Spinal injuries included all traumatic spinal cord injuries or spinal column injuries, defined on the basis of specific ICD-10-AM [16] codes (Appendix A). Probabilistic data linkage was undertaken by the Centre for Health Record Linkage (CHeReL), linking all patients where a TSI code was either a principal or additional diagnosis, for any separation within the Admitted Patient Data Collection (APDC). The APDC contains records for all patients admitted to all public hospitals across the state of NSW. Corresponding records were linked with the Emergency Department (ED) Data, NSW Mortality data, NSW Ambulance data collections, and the NSW District Network Return (DNR) activity-based funding data. The NSW APDC contains all inpatient records including patient demographics, comprehensive admission, transfer and discharge data, ICD-10-AM [16] diagnosis codes, Australian Refined-Diagnostic Related Group (AR-DRG) codes, procedure codes, separation mode (discharges, transfers and deaths), and financial information from all NSW public hospitals, private hospitals, and day procedure centres. The NSW DNR records the individual patient-level health service activity, enabling the estimation of the costs incurred by the health service providers, in a bottom-up approach. The first hospital episode for the patient, satisfying inclusion criteria conditions, as well as all other contiguous episodes of care, including nested/non-nested transfers, was recognised as the ‘index event’. The Socio-Economic Indexes for Areas (SEIFA); developed by the Australian Bureau of Statistics, to rank areas in the country according to the relative socio-economic disadvantage or advantage, was derived from the patients’ residential postcodes to describe the population relative to their education and occupation, within this index.
Activity and the place of injury were derived from the first record, or from subsequent records of the first continuous period of stay, if relevant information was missing in the first record. The sub-codes of the root U73.0 were used to identify the attributed industry (U73.00–U73.09). Type of TSI and body region affected was derived from any record within the first continuous period of stay. Length of stay was calculated for the first continuous period of stay. Costs were derived from the NSW DNR, which included the ED and the admitted costs.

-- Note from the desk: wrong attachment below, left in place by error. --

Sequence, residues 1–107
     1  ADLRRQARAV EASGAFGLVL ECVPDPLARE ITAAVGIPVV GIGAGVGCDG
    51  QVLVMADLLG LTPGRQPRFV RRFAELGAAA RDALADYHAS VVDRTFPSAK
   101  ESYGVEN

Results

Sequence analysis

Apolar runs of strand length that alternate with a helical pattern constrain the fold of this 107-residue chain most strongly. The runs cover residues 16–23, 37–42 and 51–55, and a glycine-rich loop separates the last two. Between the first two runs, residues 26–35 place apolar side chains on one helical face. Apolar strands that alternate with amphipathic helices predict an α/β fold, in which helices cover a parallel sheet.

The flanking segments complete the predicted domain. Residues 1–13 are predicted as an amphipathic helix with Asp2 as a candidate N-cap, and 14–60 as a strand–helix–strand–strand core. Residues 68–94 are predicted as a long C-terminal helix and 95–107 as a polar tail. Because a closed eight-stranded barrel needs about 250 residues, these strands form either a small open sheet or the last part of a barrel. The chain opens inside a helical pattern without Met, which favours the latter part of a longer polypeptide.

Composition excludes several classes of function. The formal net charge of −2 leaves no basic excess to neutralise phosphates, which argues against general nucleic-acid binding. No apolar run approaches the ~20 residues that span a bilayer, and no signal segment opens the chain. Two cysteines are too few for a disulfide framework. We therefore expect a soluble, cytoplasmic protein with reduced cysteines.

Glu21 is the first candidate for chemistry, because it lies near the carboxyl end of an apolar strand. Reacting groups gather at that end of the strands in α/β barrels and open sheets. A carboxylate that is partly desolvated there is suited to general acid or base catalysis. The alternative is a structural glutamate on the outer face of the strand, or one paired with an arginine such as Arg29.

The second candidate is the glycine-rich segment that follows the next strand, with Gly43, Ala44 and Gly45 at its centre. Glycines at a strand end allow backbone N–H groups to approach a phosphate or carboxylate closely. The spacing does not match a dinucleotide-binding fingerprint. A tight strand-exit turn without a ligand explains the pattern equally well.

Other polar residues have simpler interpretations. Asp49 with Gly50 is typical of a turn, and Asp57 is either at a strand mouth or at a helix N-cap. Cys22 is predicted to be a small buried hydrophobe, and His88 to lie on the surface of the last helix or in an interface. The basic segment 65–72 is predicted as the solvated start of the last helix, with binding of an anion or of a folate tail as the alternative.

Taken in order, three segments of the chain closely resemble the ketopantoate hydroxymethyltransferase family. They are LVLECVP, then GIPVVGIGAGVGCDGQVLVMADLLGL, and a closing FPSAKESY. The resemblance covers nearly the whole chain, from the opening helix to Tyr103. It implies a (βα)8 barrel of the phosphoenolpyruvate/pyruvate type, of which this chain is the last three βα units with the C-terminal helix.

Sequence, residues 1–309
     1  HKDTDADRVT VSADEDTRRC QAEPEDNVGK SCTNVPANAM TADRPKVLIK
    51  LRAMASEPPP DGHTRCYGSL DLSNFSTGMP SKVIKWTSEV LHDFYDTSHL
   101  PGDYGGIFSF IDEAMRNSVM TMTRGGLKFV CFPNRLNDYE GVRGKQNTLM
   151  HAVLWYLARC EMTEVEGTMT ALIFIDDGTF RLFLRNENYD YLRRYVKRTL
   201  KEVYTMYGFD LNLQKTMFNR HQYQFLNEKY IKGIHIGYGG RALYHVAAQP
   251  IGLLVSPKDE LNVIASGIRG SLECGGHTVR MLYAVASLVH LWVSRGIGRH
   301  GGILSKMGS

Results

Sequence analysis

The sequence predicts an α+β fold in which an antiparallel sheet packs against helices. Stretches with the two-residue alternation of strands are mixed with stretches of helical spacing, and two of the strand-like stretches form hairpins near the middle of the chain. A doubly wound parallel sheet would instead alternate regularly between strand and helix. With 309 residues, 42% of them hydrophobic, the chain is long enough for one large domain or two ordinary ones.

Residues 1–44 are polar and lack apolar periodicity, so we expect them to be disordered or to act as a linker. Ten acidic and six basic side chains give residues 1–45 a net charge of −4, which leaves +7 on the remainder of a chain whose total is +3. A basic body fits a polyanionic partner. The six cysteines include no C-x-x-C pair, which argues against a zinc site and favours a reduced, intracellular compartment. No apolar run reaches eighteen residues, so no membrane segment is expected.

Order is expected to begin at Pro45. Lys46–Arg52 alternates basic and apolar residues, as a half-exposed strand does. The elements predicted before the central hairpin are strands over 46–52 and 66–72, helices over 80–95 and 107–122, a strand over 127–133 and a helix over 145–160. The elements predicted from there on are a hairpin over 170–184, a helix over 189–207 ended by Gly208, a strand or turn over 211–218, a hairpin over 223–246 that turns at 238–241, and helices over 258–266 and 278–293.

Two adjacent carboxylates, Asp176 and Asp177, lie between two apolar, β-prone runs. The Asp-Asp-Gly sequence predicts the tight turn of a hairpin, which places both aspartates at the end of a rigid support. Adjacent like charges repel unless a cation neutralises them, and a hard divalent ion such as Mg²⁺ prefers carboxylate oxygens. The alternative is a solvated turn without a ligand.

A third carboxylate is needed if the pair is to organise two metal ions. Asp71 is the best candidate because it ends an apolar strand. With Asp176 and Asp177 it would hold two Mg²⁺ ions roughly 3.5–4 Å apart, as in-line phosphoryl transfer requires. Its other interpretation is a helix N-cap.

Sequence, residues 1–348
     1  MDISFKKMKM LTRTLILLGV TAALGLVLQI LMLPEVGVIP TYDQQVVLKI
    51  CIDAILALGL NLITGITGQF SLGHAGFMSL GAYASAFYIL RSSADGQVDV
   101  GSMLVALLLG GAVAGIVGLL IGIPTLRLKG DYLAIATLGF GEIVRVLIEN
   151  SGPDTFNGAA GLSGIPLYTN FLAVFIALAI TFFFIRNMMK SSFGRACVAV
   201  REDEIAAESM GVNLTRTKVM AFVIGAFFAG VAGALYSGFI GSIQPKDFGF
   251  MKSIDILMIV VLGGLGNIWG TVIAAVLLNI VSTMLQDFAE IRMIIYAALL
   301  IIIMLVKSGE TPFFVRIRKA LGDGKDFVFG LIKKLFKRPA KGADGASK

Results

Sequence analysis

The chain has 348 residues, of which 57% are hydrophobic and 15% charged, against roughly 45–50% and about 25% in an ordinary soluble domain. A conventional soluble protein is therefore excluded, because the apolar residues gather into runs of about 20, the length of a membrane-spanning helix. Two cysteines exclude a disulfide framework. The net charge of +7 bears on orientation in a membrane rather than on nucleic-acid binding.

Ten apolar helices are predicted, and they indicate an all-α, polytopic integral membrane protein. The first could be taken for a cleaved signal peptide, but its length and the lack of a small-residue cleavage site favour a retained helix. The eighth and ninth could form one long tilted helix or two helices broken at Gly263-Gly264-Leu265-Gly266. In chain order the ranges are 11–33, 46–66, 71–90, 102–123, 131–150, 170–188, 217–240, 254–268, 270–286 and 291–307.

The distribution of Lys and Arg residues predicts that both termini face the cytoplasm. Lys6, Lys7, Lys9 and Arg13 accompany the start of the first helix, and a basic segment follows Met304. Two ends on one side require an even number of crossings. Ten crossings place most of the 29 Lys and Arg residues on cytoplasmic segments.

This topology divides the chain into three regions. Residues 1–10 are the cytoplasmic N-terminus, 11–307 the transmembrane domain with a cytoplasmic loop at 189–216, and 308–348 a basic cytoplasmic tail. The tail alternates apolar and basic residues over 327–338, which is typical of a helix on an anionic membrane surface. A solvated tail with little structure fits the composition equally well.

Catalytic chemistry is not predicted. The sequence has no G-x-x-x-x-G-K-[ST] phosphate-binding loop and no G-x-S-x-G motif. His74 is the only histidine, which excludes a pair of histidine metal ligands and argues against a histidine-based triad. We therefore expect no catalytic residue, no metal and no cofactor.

Descriptive statistics were used to report the prevalence of various factors. Values were reported as the mean and the standard deviation (SD), in normally distributed continuous variables, or proportions; median and interquartile range (IQR) for non-normally distributed continuous variables. All statistical analyses were performed using Stata version 15.0 (Stata Corporation, College Station, TX, USA). Standardised reporting of the demographic and other variables, as recommended by De Vivo et al. [17], was followed where possible. The incidence of injury was based on the NSW Labour Force, aged 15 years and over [18],—note that the numerator data are based on persons 16 years and over—with 95% confidence intervals calculated, assuming a Poisson distribution [19].
This study was approved by the Cancer Institute NSW, Population and Health Services Research Ethics Committee: AU RED Reference: HREC/16/CIPHS/19, Cancer Institute NSW reference number: 2016/07/647.

3. Results

From this record-linked administrative dataset, 824 patients aged 16 years or over were identified as having sustained a TSI in NSW, while working for an income over the period June 2013–June 2016. Injury victims were predominantly male (86.2%), with a gender ratio of 6.22. Almost half of these injuries occurred as a result of a fall (49.2%), and more than half of these (55.1%) were falls from building structures, scaffolding or ladders (Table 1). Of the 254 (31%) transport-related spinal injuries, 50% occurred in an off-road setting. Fewer workplace injuries occurred in summer (20%), compared with other seasons, but the variation between seasons was not substantial (note that the proportion of ‘winter injuries’ includes one more month—June 2013—than the other seasons). Workplace-related spinal injuries represented almost 5% of all acute TSI, identified in this dataset.